SCENARIOS FOR U.S. ELECTRICITY IN 2030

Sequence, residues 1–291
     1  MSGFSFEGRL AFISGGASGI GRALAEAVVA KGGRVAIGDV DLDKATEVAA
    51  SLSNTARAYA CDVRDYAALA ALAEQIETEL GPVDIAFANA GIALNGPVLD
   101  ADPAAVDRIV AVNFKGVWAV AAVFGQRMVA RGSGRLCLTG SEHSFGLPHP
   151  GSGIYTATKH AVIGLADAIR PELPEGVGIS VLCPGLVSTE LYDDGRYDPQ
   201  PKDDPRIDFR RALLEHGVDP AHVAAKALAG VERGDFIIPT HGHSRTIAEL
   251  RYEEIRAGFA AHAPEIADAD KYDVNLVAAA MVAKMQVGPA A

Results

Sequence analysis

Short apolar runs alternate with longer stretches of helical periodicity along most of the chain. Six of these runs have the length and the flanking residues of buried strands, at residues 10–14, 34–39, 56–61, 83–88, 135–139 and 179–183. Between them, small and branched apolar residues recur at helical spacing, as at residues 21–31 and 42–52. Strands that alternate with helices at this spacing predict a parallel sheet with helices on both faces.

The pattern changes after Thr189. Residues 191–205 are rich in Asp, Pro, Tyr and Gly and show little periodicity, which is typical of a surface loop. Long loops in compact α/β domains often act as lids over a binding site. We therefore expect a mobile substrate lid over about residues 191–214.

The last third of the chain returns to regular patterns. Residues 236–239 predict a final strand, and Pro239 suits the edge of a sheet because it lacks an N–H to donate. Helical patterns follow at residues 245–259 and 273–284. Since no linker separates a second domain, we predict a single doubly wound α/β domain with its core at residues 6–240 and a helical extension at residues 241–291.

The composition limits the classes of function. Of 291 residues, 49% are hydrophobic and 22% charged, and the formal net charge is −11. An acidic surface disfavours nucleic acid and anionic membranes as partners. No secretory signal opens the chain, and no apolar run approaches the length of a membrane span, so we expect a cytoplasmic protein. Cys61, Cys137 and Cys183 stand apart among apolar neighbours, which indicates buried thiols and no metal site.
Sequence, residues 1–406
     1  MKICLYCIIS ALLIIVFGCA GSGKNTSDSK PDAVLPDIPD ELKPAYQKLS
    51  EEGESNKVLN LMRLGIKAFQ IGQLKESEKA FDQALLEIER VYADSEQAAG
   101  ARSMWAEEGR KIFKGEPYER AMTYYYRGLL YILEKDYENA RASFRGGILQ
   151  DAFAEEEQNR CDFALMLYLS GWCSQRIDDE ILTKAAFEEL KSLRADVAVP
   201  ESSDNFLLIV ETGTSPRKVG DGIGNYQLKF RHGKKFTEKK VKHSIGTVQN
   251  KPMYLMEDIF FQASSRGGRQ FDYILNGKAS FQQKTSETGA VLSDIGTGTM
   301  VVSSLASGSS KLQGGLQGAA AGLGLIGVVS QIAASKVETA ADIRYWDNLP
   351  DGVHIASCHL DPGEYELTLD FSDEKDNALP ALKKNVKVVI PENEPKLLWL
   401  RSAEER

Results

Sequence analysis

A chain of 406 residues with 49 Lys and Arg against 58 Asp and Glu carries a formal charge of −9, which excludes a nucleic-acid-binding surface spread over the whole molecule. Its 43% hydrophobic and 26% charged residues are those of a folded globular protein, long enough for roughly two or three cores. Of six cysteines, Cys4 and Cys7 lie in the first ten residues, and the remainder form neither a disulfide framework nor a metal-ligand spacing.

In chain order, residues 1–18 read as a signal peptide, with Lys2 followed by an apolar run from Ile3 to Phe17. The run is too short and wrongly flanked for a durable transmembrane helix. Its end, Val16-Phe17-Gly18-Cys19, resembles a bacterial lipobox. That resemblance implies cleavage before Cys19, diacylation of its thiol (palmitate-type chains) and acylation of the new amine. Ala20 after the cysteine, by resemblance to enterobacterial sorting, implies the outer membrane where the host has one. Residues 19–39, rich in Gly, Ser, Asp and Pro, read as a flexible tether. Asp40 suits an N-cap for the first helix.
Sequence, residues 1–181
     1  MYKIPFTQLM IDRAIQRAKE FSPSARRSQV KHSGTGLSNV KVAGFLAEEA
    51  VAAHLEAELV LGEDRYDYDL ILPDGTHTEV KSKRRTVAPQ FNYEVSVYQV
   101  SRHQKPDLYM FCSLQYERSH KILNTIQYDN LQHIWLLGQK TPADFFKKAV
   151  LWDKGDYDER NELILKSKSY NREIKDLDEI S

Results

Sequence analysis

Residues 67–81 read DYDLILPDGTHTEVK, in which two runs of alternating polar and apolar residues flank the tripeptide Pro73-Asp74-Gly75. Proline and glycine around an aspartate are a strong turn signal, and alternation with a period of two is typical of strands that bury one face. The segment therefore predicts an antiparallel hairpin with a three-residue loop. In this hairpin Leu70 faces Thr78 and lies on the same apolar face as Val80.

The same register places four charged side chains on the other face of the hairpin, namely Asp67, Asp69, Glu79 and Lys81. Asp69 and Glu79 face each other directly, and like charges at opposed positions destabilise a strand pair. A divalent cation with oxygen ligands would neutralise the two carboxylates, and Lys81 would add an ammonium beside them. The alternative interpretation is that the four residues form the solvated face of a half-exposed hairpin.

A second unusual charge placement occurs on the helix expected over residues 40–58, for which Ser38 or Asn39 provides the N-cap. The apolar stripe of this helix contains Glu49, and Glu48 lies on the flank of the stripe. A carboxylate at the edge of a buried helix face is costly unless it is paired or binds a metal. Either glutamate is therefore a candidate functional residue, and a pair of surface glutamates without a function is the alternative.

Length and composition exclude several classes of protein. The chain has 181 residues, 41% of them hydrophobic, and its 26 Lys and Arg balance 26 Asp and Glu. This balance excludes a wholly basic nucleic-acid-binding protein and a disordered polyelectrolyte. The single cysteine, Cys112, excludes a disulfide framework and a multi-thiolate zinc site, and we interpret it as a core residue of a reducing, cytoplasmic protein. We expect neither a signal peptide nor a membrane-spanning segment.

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1 ENERGY SCENARIOS FOR U.S. ELECTRICITY IN 2030 Manik Roy, Ph.D May 2014 Affordable, reliable electricity is a central pillar of modern life. At the same time, the generation of electricity is responsible for nearly 40 percent of U.S. carbon dioxide emissions. New technologies and policies are driving enormous change in the power sector, affecting its ability to provide affordable and environmentally sustainable electricity for decades to come. This brief describes three scenarios for the state of U.S. electricity in 2030 as a way of articulating key challenges and opportunities facing this critical sector in the years ahead. OVERVIEW This paper describes three scenarios for the state of U.S. electricity in The primary purpose of these scenarios is to articulate challenges and opportunities for U.S. electricity in the years to come, in order to help the electricity sector and its many stakeholders find the best path forward in meeting their shared objectives. The scenarios were developed by Center for Climate and Energy Solutions (C2ES) under the guidance of Dr. Alexander Van de Putte, Professor of Strategic Foresight at IE Business School and Dr. David Gates, an independent consultant, with input from a broad range of businesses including power companies, fuel suppliers, technology suppliers, energy-intensive industries, and the investment community as well as residential consumer, environmental, and labor representatives and former public utility commissioners. (See Appendix B for a brief description of the process by which the scenarios were developed.) Each scenario illustrates the extent to which U.S. electricity in 2030 could be affordable, reliable, safe, and environmentally sound attributes demanded by the public and describes the resilience of the electricity system to a range of possible shocks. As a group, the scenarios are intended to be plausible, alternative, divergent, and internally consistent. Scenario A: Awash in Gas With no major changes in policy, abundant inexpensive natural gas is the primary new source of electric generation capacity. Technologies related to gas utilization (including gas-powered distributed generation), solar photovoltaic (PV), and information technology (IT) continue to advance, while energy efficiency, most renewables, nuclear power, and carbon capture and storage (CCS) do not progress as much. The U.S. power sector s carbon dioxide ( ) emission levels remain about the same as they were in 2013.